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Teach Kids with Chickens

Whether they’re in the classroom, on a farm or in your own backyard, chickens are ready to teach your kids about a lot more than the three Rs.

By Christine Heinrichs


Chickens and History Lessons

Chicken history
Courtesy Jupiterimages/
Comstock/Thinkstock
Chickens have made appearances in centuries' worth of history lessons.
The connection between chickens and the study of science and agriculture is obvious, but it turns out poultry are no less useful as social-studies teaching tools.

Historically, chickens have followed humans on our journey, and mythology surrounds them as a result. A coin with a rooster on it was found in King Tutankhamen’s tomb. To the ancient Greeks, chickens were a symbol of light and health. The Romans required white chickens for some ceremonial purposes, black ones for others. Roman art documents early chicken breeds, including mosaics that show a chicken similar to the current Dorking breed, identifiable by its fifth toe and colorful plumage.

Marco Polo’s reports about the amazing things he’d seen on his travels across Asia to China were so fantastic to Europeans that many didn’t believe him. His description of a chicken with feathers like hair was dismissed as a fantasy or even an outright lie, but it was true. Silkie chickens, native to China, do have hair-like feathers. They are also gentle in disposition and make good broody hens, able to set eggs and hatch them. It’s a trait that has been bred out of many breeds, because hens stop laying eggs while broody. Silkies’ black skin and bones have given them mythic status in their homeland, where chicken soup made from their carcasses is considered medicinal.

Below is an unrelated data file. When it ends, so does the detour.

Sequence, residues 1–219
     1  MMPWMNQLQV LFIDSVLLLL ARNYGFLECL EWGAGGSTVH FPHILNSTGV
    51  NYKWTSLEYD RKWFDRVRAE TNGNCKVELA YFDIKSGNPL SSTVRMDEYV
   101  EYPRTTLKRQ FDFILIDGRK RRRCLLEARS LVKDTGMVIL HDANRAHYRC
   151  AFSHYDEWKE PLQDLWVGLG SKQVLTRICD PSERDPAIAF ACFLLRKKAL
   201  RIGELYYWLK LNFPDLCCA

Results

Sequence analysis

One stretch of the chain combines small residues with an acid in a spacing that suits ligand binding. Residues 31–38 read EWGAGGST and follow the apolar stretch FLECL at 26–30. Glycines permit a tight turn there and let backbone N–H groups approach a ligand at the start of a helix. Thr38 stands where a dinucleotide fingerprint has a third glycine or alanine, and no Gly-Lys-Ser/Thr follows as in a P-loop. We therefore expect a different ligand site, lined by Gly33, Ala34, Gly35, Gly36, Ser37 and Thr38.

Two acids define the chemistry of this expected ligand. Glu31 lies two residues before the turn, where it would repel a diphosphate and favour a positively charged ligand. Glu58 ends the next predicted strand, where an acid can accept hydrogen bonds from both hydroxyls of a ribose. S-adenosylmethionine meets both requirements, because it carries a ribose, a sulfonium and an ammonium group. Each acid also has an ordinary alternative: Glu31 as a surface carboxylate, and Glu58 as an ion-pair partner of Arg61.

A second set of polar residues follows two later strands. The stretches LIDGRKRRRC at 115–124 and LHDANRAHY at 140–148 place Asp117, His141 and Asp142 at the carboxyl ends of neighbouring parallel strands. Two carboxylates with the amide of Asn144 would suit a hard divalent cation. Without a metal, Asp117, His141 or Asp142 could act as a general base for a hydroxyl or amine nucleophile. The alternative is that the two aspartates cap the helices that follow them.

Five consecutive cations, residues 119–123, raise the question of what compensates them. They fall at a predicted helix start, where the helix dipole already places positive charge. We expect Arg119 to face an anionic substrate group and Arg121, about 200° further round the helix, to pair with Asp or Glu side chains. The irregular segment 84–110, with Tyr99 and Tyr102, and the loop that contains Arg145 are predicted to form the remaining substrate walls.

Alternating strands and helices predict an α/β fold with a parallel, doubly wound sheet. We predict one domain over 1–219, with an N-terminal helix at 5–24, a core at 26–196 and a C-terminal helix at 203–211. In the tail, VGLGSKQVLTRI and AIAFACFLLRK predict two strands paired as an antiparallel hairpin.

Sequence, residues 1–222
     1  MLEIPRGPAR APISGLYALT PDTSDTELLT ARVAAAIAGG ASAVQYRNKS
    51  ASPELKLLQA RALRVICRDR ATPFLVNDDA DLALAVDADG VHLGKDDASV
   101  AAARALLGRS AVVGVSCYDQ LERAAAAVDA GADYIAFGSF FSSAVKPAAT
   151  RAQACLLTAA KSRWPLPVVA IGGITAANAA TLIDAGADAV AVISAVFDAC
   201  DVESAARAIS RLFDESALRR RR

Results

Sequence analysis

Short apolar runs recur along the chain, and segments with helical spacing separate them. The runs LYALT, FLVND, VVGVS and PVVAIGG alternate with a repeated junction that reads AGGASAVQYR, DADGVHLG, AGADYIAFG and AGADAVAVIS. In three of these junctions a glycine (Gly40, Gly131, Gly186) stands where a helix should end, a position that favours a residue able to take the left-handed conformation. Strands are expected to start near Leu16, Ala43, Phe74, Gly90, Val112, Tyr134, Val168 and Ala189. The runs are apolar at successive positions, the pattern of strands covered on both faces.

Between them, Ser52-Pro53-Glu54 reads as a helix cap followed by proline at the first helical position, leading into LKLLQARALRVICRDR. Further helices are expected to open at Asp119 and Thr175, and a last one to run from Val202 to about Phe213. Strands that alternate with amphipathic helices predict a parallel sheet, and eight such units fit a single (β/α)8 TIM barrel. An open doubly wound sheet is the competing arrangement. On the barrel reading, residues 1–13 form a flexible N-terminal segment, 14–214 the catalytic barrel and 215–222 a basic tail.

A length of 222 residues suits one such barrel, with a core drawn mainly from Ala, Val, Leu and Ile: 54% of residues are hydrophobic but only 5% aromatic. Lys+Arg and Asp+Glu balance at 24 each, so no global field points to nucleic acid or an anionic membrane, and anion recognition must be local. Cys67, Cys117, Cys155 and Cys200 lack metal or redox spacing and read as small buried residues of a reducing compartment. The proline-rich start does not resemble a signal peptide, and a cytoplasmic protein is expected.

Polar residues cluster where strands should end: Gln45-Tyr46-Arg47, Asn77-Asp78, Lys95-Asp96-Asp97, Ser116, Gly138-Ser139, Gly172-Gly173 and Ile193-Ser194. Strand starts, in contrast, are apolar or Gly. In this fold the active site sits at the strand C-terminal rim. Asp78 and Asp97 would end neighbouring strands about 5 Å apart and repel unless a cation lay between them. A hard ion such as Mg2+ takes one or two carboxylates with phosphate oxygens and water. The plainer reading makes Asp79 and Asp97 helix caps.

Chickens are even used to help tell the story of early America at Virginia’s Colonial Williamsburg. Currently, the living history museum keeps flocks of Dominique chickens, (considered the first American breed), Dorkings, Nankins and Silkies. The Old English Game flock will be restored to the museum this year.

Elaine Shirley, Colonial Williamsburg’s manager of rare breeds, carries chickens to her presentations in a poultry basket the way they would have been taken to market in the 18th century.

“Chickens are small and portable,” she says. “Most of them are cool about being handled and will sit in your hand.”

Shirley’s presentations also include a piece of information that surprises many students: Many 18th-century poultry keepers bred their birds for cockfighting, a sport that enjoyed widespread popularity during that era but is illegal in all 50 states today.

“They were very common, and some of the best fighting cocks were raised by a woman in England,” Shirley explains. “A fighting cock was trained like an athlete and fed specific foods.”

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